6PR: City of Canning out of control on rates

Update: Deputy Mayor Christine Cunningham readies to leave as concerns about Canning’s management, five years on from investigations, grows. Apparently, she’s happy to go in to politics.

On 15 August 2019 Canning’s Council was asked to pass a VERY overdue budget.  Suddenly things began to go south – and 6PR kicked Canning’s ass (again).

Audio below but first what appears to have happened along the way to Canning’s public slapping –

  • Before council voted through the budget CEO Arthur Kyron played a video boasting $29m more in spending than was apparent the council agreed to.
  • What council did approve was a 117m budget – with a deficit of 2.5m
  • Was the $29m simply left over from projects never completed last year?  Why, then, did rates need to rise this year?
  • Multiple councillors late, absent or away during budget meeting. Many want to be your next Mayor (see head shots below)
  • Only one councillor, Mayoral candidate Graham Barry, spoke strongly of concerns at financial pressures building on the community.
  • How many budget workshops did the council have with its complex, hugely staffed local government administration?  Only six over a year.

No explanation has been given for these seemingly bizarre budget machinations, but two things have been teased out.

6PR’s morning show host, Gareth Parker, took only minutes to realise that those who could least afford it had their rates jacked up 6.5%.

Then came realisation that Canning had moved nearly 2,200  properties down to the minimum rateable level, at the same time it jacked those rates up by 6.5%, and in so doing raked in an additional $2.3m.

More than half of the council of Canning now want your vote for Mayor.  So, who was at that key council meeting, who wasn’t, who said something in defence of the community and who didn’t?

Mayoral candidate Graham Barry did not vote for budget. Was concerned City moved ahead of Valuer General reassessing Gross Rental Values of homes, which helps determine rates. Believes City had capacity to bring in lower rate rise if it had done additional modelling or more planning. Spoke of pressures on the community now and those rearing up in the world around us.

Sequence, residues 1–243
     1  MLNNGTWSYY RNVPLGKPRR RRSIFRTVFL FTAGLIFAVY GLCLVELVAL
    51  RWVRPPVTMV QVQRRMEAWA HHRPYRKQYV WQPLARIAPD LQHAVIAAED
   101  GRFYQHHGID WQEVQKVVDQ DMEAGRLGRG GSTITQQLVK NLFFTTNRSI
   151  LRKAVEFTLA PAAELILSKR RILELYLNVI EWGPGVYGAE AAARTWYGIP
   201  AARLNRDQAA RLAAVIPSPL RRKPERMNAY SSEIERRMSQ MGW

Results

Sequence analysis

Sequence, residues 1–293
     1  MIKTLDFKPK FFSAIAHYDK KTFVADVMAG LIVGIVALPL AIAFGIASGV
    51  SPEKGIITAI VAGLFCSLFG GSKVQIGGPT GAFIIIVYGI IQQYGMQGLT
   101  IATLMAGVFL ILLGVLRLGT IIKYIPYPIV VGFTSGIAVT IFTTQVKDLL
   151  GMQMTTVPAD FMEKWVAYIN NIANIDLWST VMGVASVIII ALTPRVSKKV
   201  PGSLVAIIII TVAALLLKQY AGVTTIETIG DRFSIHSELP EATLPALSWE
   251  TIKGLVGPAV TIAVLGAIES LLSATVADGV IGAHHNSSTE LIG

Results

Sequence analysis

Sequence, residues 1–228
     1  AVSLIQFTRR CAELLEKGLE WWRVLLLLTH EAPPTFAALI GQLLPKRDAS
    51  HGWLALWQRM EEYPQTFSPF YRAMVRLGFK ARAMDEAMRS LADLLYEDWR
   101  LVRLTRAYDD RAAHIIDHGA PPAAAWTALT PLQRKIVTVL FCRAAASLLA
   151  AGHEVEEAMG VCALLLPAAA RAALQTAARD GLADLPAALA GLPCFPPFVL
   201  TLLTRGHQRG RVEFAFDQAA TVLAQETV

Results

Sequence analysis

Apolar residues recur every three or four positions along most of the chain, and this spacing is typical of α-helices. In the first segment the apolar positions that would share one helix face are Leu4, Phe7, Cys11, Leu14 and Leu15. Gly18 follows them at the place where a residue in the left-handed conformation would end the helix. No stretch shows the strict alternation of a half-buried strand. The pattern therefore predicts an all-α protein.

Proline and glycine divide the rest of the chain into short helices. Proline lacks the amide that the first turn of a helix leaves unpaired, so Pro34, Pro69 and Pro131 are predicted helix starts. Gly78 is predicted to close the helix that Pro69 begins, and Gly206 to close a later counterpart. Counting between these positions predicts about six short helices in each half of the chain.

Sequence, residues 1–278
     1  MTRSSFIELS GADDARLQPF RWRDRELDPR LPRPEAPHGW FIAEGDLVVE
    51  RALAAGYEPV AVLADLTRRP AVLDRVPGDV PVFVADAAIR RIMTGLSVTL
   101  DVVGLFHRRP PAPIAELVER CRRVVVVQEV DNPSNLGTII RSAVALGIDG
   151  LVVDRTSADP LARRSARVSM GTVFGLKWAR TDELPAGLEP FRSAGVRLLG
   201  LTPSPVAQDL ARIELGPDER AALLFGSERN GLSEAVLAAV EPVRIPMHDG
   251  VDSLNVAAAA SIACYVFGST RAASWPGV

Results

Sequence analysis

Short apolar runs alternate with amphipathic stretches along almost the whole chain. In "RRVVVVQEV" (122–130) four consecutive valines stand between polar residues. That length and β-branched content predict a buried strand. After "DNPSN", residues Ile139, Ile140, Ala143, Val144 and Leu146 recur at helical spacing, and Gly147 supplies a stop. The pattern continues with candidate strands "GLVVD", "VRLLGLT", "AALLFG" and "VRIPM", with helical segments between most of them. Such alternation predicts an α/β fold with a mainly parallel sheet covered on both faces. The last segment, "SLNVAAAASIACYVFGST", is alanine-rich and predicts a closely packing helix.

Mayoral candidate Yaso Ponnuthurai voted for budget.  Believes rate rise is “extremely reasonable”.

Current Mayor (seeking re-election) Paul Ng voted for budget.

 

Mayoral candidate Patrick Hall usually the loudest and longest commenter at council meetings – did not utter a word. Voted for budget.

Mayoral candidate Margaret Hall rarely speaks formatively at council meetings. Did not on this occasion.  Voted for budget.

Mayoral candidate Jesse Jacobs : ABSENT FROM MEETING. 

 

Deputy Mayor Christine Cunningham:  STUCK IN TRAFFIC. Ironically, Greens party member Cunningham was stuck in her car, in traffic, on the freeway and arrived very late for proceedings. Voted for budget.

Mayoral Candidate Lindsay Holland – On Authorised Leave. It should be noted that had Canning’s budget been passed in a more reasonable time frame, Cr Holland would have been in attendance.

Seeking re-election for Bannister Ward, Councillor Ben Kunze (electorate office staff of former Treasurer, and Riverton MP, Mike Nahan) expressed initial reluctance, but voted through budget, feeling it was reasonable as the public had made “little [comment]” about what had been advertised about the budget.

Until our elected members officially answer questions arising from this awkwardly structured budget (or CEO Kyron does – as opposed to officers two levels below doing the heavy lifting at council meetings) then Canning’s administration, and most of its current council looks increasingly out of touch with residents.

Posted as part of Fact Check on Canning Councillors.

Declaration: I do not intend to run for council.

Content authorised by Diana Ryan (Silent Elector, Bentley)

 

4 thoughts on “6PR: City of Canning out of control on rates

    1. Well, one of the Liberal Party members, and Mike Nahan staffer, Ben Kunze said he wasn’t particularly happy about it, but wouldn’t undermine the budget’s use of rates as main revenue plank (words to that effect) by saying anything further on it. He added, during the budget meeting, that given the public had not made much comment about the changes proposed in rates (either)…. in hindsight, I personally think to repeat that comment now would be ludicruous. How is the community to know about [the extent of implications and odd comings and goings of money] unless their reps make it as explicit as possible for them? I find it particularly annoying to see fmr Vincent Mayor, John Carey, patting the departing Greens party Deputy Mayor Christine Cunningham on her Like, if you follow, because she indicated that the community were being consulted on budget items, which fed in to budget workshops. Yay, said Carey. But that he knew how glib it all turned out to be. Cheers!

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      1. Another Council under the control of the administration. Councillors saying that they are not happy but then voting in favour of a rate increase obviously do not grasp the fact that this is their (the Councils) budget and it is their job (Councillor) to represent the ratepayers. If they want to work for the CEO then they need only apply for a job. If they want to work for ratepayers then stand for election. Simple concept.

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      2. Well put. It’s not my perception councillors at Canning exist under any threat, so to speak, that CEO Arthur Kyron will report them to the Local Govt Standards Panel (as occurs elsewhere, of course), so I’m at a loss to understand the incredible weakness shown by virtually all councillors in the face of this much moved about CEO’s growing power.

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